Silent Partner: Payments and Options – Pt. 2

An employee can buy your business.

First, you must determine if you have at least one eligible employee who wants to buy your business!

This is a continuation of the article, Silent Partner Questions: Payments and Options, originally posted on Wednesday, August 20. Please refer to that for the original summary, question, and pre-response insights.

The Original Questions:

  1. Should we sell the business to an employee? or
  2. Should we scale back the business to a manageable size?
  3. What is a quick and easy valuation?
  4. What is fair for a silent partner?

My Responses:

Selling to an employee

Before you seriously consider whether you and your business partner should sell to an employee, you must first determine whether or not you have any suitable employees who are interested in purchasing the Remodeling Company. Once you determine one or more such employees exist, you must ascertain what the person or persons think the Remodeling Company is worth, or if they agree with your price, or are willing to use a valuation determined by a reputable third party. If the Remodeling Company’s employees are only interested in remaining employees, you and your business partner will save time and worry regarding the who, what, and how of selling to one or more employees. On the flip side, if multiple suitable employees express serious interest in purchasing the Remodeling Company, you and your business partner must decide whether you both will sell to only one employee or to the interested employees as a group. Obviously, selling to a group of employees creates a completely different set of action steps!

Engage a Business Valuation Firm

Before you take any definitive action regarding selling or transferring the Remodeling Company, I strongly recommend that you engage a certified business valuation specialist or  business valuation firm to value the Remodeling Company. A reputable individual or firm will provide you and your business partner with a valuation based on a single (the best method) or average of multiple valuation methods. These methods may include a valuation based on book value, an asset-based valuation, and/or a valuation based on the projected cash flows compared to industry averages. Regardless of the final valuation method selected, the actual value will help you and your business partner decide if you still want to “scale back” the Remodeling Company if no employee wants to buy it, or, alternatively, offer the Remodeling Company for sale – typically through a business broker (depending on the value) – to whomever may want to buy it, i.e., competitors, customers, or aspiring entrepreneurs.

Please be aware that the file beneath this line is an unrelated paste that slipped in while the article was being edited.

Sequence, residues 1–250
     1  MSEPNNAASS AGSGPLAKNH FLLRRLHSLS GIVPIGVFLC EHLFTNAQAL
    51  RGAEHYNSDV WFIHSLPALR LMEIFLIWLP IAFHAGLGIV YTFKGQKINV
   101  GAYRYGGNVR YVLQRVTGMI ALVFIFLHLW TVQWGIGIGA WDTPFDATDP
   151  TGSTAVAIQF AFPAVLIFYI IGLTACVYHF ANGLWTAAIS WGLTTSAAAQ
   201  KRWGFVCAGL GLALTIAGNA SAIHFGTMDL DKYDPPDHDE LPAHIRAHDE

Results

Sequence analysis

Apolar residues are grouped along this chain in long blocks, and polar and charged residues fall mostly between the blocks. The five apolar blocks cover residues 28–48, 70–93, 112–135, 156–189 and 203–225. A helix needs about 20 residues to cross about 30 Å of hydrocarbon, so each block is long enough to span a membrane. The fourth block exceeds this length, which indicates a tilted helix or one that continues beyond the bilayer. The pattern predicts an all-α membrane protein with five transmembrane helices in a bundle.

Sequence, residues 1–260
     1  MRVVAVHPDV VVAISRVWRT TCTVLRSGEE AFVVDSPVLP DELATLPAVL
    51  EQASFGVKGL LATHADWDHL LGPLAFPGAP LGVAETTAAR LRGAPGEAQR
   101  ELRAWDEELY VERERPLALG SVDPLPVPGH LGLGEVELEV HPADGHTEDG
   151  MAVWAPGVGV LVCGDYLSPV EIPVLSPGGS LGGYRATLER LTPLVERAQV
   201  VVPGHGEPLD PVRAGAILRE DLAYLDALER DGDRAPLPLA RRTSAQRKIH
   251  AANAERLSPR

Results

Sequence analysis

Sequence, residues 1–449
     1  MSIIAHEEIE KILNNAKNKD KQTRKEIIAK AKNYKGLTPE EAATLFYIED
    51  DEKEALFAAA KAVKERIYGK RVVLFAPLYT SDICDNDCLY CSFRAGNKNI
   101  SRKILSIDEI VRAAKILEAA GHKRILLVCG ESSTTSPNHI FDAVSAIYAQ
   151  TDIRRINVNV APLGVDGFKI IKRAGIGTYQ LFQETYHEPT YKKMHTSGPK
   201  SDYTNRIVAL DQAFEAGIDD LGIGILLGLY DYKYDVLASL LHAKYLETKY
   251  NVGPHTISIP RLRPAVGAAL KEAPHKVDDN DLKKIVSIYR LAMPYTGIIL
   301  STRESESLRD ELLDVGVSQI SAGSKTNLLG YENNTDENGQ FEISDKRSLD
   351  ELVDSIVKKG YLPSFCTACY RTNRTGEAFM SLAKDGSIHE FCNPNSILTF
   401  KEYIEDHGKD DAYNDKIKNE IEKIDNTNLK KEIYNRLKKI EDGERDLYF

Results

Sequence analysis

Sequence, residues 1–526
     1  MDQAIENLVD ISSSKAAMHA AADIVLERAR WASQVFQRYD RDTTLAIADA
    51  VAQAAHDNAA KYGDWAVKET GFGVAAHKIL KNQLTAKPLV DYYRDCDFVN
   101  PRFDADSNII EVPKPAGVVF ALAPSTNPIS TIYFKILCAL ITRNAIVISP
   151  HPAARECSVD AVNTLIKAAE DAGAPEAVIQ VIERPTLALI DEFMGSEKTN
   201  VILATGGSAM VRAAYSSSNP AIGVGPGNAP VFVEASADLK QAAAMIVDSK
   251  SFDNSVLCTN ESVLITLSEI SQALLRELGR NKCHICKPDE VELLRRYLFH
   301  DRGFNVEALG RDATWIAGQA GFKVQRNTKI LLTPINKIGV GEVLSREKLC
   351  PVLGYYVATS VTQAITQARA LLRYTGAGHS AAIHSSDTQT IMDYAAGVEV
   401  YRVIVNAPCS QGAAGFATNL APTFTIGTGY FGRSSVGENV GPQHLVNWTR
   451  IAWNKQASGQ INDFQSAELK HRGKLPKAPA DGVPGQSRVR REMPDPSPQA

A Quick Valuation

For a relatively straightforward, easy, and quick valuation, analyze your balance sheet. What is the value that shows as shareholder’s equity? This is the book value of your company. If the Remodeling Company has been losing money, your shareholder’s equity will likely be negative. In that case, move on to an asset-based valuation. For a quick and dirty asset valuation, check with suppliers, equipment providers, and similar firms to obtain reasonable estimates of the current value of the Remodeling Company’s assets, accounting for wear and tear. Next, subtract the value of all your outstanding liabilities from the value of the assets to arrive at the asset-based valuation.